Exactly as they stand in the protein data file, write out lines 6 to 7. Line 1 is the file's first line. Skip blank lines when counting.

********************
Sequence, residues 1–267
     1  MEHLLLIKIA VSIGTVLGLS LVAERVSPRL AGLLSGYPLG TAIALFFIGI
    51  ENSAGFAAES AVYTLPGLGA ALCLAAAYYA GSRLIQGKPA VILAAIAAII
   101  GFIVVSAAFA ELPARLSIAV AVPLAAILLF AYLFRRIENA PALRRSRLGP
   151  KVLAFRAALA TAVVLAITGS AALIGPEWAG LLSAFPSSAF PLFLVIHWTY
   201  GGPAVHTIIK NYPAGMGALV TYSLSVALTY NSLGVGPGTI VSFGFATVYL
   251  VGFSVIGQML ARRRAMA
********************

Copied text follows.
   201  GGPAVHTIIK NYPAGMGALV TYSLSVALTY NSLGVGPGTI VSFGFATVYL
   251  VGFSVIGQML ARRRAMA